In all Brexit scenarios the UK Government will want to negotiate a future relations agreement with the EU. This is true if the UK exits the EU with or without a deal. These negotiations cannot begin until the UK has left the EU and is a ‘third country’.

A future relationship is likely to be based on some combination of an Association Agreement (AA) and a Deep and Comprehensive Free Trade Area (DCFTA). This Insight sets out the data on how long it takes to put such agreements with the EU in place.

What is an Association Agreement?

AAs create a framework for close economic and political co-operation between the EU and third countries. They can be very broad and varied in purpose, scope and content, with trade as one element. AAs include co-operation in areas of mutual interest, such as security and defence, the environment, science and research.

DCFTAs offer access to the Single Market in specific areas, based on regulatory alignment with the EU.

The Government and the EU have already suggested a future relations agreement might take the form of an AA. This could be combined with a DCFTA.

But how long would it take to negotiate such an Agreement? And how long might it take for the Agreement to be ratified and enter into force, given that it would almost certainly have to be approved by both the EU and all the other 27 Member States separately?

The UK and EU regulatory alignment

The UK would start from a position of almost full compliance with EU law. Other countries must gradually align their laws with those of the EU in the areas covered by the Agreement, so the UK would have a head start. This should mean a much faster process for the UK, but it’s not a given.

And while the UK would be in a better position than all the other AA countries in terms of legislative approximation, political issues might prove more difficult to resolve.

It can take over six years for an AA to enter into force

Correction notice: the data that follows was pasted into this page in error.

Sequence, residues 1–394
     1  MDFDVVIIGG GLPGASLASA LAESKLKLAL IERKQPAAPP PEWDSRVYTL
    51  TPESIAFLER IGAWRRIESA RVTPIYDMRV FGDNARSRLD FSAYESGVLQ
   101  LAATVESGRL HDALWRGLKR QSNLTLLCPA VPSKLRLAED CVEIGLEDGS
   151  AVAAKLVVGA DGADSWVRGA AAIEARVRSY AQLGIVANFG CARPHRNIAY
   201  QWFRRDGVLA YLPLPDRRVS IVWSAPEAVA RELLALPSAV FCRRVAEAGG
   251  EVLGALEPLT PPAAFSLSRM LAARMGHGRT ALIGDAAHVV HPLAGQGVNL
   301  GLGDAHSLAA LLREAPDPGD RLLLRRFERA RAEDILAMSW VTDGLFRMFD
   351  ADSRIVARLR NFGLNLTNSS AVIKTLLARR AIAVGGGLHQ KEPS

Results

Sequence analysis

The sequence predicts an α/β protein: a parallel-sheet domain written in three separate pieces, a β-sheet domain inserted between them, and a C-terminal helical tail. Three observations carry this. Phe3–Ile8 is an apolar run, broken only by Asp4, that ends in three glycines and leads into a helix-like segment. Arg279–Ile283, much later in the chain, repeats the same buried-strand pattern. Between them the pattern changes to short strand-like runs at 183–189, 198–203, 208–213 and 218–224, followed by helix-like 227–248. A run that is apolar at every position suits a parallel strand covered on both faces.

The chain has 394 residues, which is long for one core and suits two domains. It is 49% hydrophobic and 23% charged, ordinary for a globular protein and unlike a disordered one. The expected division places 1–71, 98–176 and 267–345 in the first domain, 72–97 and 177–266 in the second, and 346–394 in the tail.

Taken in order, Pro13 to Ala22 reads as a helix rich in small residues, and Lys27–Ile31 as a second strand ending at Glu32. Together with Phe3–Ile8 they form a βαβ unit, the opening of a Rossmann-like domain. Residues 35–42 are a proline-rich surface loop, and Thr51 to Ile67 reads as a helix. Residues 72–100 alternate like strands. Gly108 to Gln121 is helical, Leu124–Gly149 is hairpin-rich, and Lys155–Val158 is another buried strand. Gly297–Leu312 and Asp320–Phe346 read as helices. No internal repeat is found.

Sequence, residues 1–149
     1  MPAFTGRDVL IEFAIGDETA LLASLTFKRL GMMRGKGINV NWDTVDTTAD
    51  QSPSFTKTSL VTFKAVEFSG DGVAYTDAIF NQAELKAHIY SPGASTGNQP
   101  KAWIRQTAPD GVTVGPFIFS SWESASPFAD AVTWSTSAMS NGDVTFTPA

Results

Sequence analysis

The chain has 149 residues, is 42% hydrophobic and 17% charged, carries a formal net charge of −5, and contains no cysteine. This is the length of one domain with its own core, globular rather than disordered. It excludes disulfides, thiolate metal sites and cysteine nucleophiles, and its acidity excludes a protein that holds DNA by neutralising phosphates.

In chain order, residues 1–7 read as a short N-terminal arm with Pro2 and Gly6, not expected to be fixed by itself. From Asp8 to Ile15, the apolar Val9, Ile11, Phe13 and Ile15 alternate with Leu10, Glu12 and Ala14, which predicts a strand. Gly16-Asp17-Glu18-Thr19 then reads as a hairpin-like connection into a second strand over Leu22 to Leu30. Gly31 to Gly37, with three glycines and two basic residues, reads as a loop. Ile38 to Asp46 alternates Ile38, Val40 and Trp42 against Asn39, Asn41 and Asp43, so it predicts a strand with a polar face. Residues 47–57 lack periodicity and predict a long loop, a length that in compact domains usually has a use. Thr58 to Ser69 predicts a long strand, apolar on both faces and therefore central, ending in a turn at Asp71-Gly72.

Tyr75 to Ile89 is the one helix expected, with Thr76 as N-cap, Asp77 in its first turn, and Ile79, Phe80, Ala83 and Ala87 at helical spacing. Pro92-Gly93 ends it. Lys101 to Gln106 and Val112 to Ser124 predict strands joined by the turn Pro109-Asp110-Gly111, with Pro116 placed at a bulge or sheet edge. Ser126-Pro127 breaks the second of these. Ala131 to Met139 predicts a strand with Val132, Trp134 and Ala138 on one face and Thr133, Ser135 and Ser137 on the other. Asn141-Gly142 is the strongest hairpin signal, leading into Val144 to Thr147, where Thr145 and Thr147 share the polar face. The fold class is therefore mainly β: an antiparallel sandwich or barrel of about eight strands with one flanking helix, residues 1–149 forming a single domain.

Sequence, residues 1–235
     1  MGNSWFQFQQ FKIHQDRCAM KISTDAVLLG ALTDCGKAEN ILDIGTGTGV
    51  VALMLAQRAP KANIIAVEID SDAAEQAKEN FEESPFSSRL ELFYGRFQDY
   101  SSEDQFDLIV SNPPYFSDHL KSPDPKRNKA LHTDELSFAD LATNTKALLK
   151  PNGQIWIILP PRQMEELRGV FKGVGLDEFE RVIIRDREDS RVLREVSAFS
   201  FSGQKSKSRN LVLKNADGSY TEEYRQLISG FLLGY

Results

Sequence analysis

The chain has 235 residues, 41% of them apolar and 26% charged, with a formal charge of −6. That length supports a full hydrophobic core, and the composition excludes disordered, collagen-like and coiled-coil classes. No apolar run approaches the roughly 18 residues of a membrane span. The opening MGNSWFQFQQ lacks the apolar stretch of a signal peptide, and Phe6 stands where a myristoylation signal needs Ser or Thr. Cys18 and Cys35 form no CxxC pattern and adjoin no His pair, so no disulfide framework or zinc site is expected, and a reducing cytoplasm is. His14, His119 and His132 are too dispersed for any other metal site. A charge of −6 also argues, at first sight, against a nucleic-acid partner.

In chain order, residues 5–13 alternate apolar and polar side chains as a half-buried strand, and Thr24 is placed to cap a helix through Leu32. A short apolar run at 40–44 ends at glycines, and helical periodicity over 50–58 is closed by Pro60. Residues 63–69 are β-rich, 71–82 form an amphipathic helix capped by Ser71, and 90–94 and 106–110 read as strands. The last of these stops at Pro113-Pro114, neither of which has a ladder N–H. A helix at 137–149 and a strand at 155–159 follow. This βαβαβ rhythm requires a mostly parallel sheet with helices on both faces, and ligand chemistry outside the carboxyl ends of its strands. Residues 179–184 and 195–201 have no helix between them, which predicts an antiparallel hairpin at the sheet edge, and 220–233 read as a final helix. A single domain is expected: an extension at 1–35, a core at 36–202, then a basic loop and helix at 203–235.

The table below shows the length of time taken from the Council’s adoption of negotiating directives for 18 Association Agreements up to their entry into force or provisional application.

It took on average 6 years and 9 months for an Association Agreement to enter fully into force and 6 years and 5 months for its provisional application.

AA country Adoption of negotiating mandate Signature of AA Entry into force of AA Approx. how long?
Algeria 10/6/1996 22/4/2002 1/9/2005 9 yrs 3 mths
Chile 13/9/1999 (Negotiations began on new trade part 16/11/2017) 18/11/02   1/3/2005   5 yrs 6 mths  
Egypt 19/12/1994 25/6/2001 1/6/2004 9 yrs 6 mths
Georgia 10/5/2010 27/6/2014 1/7/2016 6 yrs 2 mths
Israel 20/12/1993 20/11/1995 1/6/2000 6 yrs 6 mths
Jordan 12/6/1995 24/11/1997 1/5/2002 6 yrs 11 mths
Lebanon 2/10/1995 17/6/2002 1/4/2006 10 yrs 6 mths
Moldova 15/6/2009 (DCFTA negotiations started 2/2012) 27/6/2014 1/7/2016 7 yrs 1 mth
Morocco 6/12/1993 (DCFTA negotiations started 1/3/2013; on hold since April 2014) 26/2/1996 1/3/2000 6 yrs 4 mths
Palestine (interim) 1/10/1996 24/2/1997 1/7/1997 8 mths
Tunisia 20/12/1993 (DCFTA negotiations started 12/10/2013) 17/5/1995 1/3/1998 4 yrs 3 mths
Costa Rica 24/4/2007 29/6/2012 Provisionally applied since 1/10/2013 6 yrs 6 mths
El Salvador 24/4/2007 29/6/2012 Provisionally applied since 1/10/2013 6 yrs 6 mths
Guatemala 24/4/2007 29/6/2012 Provisionally applied since 1/12/2013 6 yrs 8 mths
Honduras 24/4/2007 29/6/2012 Provisionally applied since 1/8/2013 6 yrs 4 mths
Nicaragua 24/4/2007 29/6/2012 Provisionally applied since 1/8/2013 6 yrs 4 mths
Panama 24/4/2007 29/6/2012 Provisionally applied since 1/8/2013 6 yrs 4 mths
Ukraine 5/3/2007 (DCFTA negotiations started February 2008) 29/5/2014 AA entered fully into force 1/9/2017. (DCFTA provisionally applied from 1/1/2016; political and cooperation parts provisionally applied from November 2014). 10 yrs 6 mths

A transition period would be useful for negotiations

A no-deal Brexit means no transition period. Leaving without a deal could mean a gap of several years between the UK leaving the EU and an AA coming into force.

Even with an orderly exit and the transition period in the Withdrawal Agreement in place, there could still be a gap. The Government could try and negotiate a longer transition period after exit day beyond the current agreed maximum of 31 December 2022. This would allow more time for the negotiation, ratification and entry into force of a future relations Agreement. But it’s not clear whether there would be either EU or UK parliamentary support for a lengthy transition period.

About the author: Vaughne Miller is head of the International Affairs and Defence research section at the House of Commons Library.

Image: The port of Dover / Allen Watkin / CC BY-SA 2.0